March 14, 2013
Factors Associated With Poor Physical Function in Middle Aged Positive People
Impaired physical function in middle aged people living with HIV are associated with low levels of muscle mass, bone mineral density and insulin levels—the same factors typically linked to frailty in elderly people in the general population. Publishing their findings in the online edition of the Journal of Acquired Immune Deficiency Syndromes, researchers examined 30 “low-functioning” people with HIV and a control group of 48 high-functioning HIV-positive individuals matched for age, gender and length of time since diagnosis with the virus. The aim was to study the connection between body composition and functional impairment, about which there is little knowledge.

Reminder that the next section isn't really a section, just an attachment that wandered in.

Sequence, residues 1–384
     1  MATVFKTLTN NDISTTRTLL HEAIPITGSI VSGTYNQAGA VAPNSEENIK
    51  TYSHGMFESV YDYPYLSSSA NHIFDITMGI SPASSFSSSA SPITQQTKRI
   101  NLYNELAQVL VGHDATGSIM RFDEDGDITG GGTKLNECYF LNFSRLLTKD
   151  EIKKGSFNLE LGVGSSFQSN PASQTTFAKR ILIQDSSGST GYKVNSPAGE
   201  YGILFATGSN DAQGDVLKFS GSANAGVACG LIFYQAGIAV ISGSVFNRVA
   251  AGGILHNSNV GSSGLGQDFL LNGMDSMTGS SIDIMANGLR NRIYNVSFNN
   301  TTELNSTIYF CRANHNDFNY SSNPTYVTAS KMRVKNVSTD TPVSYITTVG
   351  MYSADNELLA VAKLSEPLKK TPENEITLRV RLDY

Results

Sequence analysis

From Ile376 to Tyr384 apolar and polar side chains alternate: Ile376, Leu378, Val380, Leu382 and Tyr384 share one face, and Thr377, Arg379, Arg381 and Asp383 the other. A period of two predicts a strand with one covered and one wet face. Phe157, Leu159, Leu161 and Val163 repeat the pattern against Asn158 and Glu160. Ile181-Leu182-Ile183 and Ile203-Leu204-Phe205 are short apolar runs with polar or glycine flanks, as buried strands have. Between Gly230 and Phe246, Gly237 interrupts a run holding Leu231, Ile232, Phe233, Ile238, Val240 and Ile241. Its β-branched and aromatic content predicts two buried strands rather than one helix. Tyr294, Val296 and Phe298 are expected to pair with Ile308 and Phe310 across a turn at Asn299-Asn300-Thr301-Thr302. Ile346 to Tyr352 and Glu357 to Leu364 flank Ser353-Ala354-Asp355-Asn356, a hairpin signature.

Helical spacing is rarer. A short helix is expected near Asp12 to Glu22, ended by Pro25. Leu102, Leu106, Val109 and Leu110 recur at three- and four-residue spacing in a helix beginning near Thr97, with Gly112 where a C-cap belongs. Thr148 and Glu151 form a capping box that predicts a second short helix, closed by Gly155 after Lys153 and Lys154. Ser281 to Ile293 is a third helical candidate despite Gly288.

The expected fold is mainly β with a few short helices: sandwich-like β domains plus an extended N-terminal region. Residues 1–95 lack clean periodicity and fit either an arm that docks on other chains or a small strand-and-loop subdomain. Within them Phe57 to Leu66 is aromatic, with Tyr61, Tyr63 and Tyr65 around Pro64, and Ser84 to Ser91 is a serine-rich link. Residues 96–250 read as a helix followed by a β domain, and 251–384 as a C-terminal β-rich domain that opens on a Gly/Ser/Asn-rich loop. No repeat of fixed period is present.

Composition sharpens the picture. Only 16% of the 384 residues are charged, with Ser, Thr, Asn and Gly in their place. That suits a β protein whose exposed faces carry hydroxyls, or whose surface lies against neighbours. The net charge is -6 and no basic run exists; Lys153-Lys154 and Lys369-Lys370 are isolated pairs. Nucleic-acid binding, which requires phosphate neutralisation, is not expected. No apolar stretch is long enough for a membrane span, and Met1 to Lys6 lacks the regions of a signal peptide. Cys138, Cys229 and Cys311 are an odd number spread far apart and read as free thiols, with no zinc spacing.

The cohort had a mean age of 53 years old and a mean CD4 level of 600; in addition, 96 percent of the participants had an undetectable viral load. All were taking antiretrovirals (ARVs). There was no major difference between the low- and high-functioning groups in their CD4 levels, the duration of their infection or the type of ARVs they took.
Lower T-scores at the hip increased the odds of low functioning by a factor of 3.8, and low T-scores in the lumbar spine did so by a factor of 2.3. Lower bone mineral density in the hip increased the odds of low functioning by a factor of 2.4, and such measurements in the lumbar spine did so by a factor of 2.1. Lower insulin-like growth hormone (IGF-1) increased the odds of low functioning five-fold, and IGF-1 binding protein 3 increased the odds 3.3-fold. Neither fat mass nor vitamin D levels increased the likelihood of low functional status. Those in the study with low physical function were 2.5 times more likely to have low levels of lean muscle mass than those in the high functioning group.
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To read the study abstract, click here.
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